China's ruling Communist Party has weighed in on the national debate spurred by a recent controversial book alleging links between President Donald Trump's decision-making and his mental health, saying the debacle may actually be a commentary on the state of U.S. democracy as a whole.
In the record-shattering exposé Fire and Fury: Inside the Trump White House, which was released Friday, author Michael Wolff reportedly compiled more than 200 interviews with White House insiders, many of whom were deeply critical of Trump and some of whom asserted that the Republican leader was not mentally fit to hold the country's top office. Trump immediately took to social media to defend himself against claims made by his former staffers and Wolff—who himself had choice words for the commander in chief—by asserting he was "a very stable genius." But the official organ of China's top political party observed a situation in the U.S. that appeared to be anything but stable.
"Although since World War II U.S. presidents have often come under attack, Trump is the first to have his mental health questioned. This shows the waning quality of U.S. democratic politics," Global Times wrote in one of its latest editorials.
Rather than take sides in the debate, the Chinese Communist Party newspaper saw the whole affair as indicative of fundamental problems within the U.S. political system. The article credited Trump's "erratic style" and "mental peculiarities" with getting him elected in the first place and criticized those who called his supporters "deplorables," a term coined by Democratic presidential hopeful Hillary Clinton two months before the election in which she was defeated.
The publication even claimed Trump had achieved more in his roughly one year in office than those who came before him. As an example, it referenced Trump's historic decisions to declare Jerusalem the capital of Israel, a move that earned him worldwide scorn and that the Chinese outlet said would have been "unthinkable for his predecessors."
"Many of his actions can be taken as either reforms against dissenting views or mentally ill behavior, depending on one's perspective," the editorial argued.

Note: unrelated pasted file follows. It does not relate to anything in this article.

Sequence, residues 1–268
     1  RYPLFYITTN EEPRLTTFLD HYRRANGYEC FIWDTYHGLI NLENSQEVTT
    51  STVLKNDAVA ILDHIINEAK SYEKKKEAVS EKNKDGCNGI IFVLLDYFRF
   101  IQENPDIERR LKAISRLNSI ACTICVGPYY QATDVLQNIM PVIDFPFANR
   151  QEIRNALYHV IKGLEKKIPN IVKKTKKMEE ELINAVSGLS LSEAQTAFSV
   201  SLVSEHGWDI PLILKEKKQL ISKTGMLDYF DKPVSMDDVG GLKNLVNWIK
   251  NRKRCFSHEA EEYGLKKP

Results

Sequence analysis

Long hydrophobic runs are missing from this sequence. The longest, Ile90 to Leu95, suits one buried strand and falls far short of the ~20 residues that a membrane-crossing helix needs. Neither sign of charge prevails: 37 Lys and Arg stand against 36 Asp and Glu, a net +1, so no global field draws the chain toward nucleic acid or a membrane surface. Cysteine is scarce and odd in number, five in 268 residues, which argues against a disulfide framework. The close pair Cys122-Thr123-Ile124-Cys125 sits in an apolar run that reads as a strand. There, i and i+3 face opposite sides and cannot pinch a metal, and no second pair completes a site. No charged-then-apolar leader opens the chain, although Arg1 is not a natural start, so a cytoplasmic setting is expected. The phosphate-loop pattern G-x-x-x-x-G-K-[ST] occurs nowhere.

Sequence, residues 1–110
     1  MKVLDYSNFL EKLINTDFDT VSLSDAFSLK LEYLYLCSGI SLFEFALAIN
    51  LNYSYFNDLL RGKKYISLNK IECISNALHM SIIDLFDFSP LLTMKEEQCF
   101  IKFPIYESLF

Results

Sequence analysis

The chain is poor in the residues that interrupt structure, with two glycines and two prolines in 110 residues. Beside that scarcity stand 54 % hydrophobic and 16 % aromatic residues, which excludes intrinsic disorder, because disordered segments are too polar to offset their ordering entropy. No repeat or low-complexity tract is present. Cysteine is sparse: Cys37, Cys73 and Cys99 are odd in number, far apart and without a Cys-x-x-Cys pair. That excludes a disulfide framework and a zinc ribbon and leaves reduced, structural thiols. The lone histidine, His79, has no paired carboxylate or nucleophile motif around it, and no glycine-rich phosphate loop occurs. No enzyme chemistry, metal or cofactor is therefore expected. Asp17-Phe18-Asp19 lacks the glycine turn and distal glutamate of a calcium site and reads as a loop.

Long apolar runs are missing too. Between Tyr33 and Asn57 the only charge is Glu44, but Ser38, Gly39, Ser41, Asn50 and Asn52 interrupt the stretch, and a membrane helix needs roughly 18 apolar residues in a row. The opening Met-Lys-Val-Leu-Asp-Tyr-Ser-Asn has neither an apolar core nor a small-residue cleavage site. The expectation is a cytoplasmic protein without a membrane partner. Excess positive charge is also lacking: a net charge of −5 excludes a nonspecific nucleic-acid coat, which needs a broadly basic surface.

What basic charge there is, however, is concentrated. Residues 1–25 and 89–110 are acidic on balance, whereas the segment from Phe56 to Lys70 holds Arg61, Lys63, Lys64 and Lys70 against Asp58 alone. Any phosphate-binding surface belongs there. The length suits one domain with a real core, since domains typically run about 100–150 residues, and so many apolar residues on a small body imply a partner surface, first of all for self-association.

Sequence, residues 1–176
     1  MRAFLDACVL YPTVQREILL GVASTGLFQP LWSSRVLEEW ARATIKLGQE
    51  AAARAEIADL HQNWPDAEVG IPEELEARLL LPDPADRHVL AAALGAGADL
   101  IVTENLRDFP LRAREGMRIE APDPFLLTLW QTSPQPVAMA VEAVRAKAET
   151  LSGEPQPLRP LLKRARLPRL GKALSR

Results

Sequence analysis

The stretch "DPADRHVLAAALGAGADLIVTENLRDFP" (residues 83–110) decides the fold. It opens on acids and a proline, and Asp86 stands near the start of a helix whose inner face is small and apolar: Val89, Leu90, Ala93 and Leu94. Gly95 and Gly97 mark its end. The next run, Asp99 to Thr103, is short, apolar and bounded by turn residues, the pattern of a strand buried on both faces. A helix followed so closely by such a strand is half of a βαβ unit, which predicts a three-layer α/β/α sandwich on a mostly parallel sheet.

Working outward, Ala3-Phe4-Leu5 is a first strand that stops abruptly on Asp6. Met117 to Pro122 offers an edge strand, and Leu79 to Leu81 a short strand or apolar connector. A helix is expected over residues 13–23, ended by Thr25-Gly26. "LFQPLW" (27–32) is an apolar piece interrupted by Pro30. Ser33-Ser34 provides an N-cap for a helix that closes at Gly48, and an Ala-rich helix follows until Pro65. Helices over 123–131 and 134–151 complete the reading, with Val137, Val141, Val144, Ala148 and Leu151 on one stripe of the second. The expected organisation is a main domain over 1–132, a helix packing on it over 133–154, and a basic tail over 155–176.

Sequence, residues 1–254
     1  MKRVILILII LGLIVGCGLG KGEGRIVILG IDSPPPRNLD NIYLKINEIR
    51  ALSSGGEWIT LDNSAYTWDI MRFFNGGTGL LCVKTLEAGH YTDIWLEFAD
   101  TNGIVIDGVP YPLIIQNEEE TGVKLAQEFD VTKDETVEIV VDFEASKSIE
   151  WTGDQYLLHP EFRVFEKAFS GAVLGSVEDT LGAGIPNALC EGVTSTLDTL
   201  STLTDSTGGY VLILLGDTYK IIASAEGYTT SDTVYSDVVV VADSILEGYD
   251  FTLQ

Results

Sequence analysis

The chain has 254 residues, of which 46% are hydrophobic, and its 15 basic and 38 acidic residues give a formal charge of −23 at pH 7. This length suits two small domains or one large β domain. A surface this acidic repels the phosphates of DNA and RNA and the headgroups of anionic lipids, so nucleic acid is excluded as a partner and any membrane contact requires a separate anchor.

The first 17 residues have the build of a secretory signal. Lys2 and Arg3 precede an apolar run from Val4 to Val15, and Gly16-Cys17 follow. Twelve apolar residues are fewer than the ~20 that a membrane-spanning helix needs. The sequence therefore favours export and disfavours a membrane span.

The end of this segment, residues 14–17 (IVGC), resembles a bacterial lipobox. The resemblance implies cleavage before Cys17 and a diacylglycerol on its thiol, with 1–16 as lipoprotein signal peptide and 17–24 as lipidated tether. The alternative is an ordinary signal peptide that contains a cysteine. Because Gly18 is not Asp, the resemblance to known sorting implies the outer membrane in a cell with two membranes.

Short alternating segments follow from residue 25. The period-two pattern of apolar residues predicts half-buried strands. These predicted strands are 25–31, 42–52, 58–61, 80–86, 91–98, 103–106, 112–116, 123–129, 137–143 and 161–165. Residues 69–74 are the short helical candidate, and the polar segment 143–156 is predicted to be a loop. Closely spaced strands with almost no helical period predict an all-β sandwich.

China has criticized Trump's behavior in the past, especially in relation to his handling of the nuclear crisis with neighboring North Korea. China also opposed North Korean supreme leader Kim Jong Un's development of ballistic and nuclear weapons, but saw Trump's combative approach to the situation as detrimental to potential peace talks that both Beijing and Moscow have attempted to push. The title of Wolff's book was inspired by an August statement in which Trump told reporters that North Korea would be "met with fire and fury like the world has never seen" if it kept threatening the U.S.
Both China and Russia have become increasingly close as they challenge the U.S. on a global scale. They have engaged in joint military drills said designed to respond to a potential U.S. invasion of North Korea.
China was a frequent target of Trump during his presidential campaign, during which he accused the U.S.'s top economic competitor with stealing jobs and practicing currency manipulation. Trump also targeted Beijing in the National Security Strategy unveiled last month and promised to make "America First," but China accused the U.S. of distorting its global interests and of bearing a "Cold War mentality."
Less than a month later, the Global Times said Sunday that China and other nations were glad to see the explosive contents of Wolff's book and the resulting clashes of the president's supporters and detractors because it made the U.S. look bad. The nationalist newspaper warned, however, that the "demonic possession" of U.S. democracy should serve as a lesson to empower its own, one-party system.
"It is doubtful whether the U.S. public likes to see this happen to their president. But the outside world certainly welcomes such a farce. Questioning the mental health of an elected U.S. president satirizes not only the institution but the U.S. electoral system itself," the editorial read.
"As onlookers, we find that there are big problems with the U.S. political system from which we should steer well clear," it added.
At home, a highly publicized study by Harvard University lecturer Yascha Mounk and Roberto Stefan Foa, a political scientist at the University of Melbourne in Australia, showed massive drops in support for democracy among millennials in the West, and especially in the U.S., as detailed in an analysis they wrote last month for The Washington Post.
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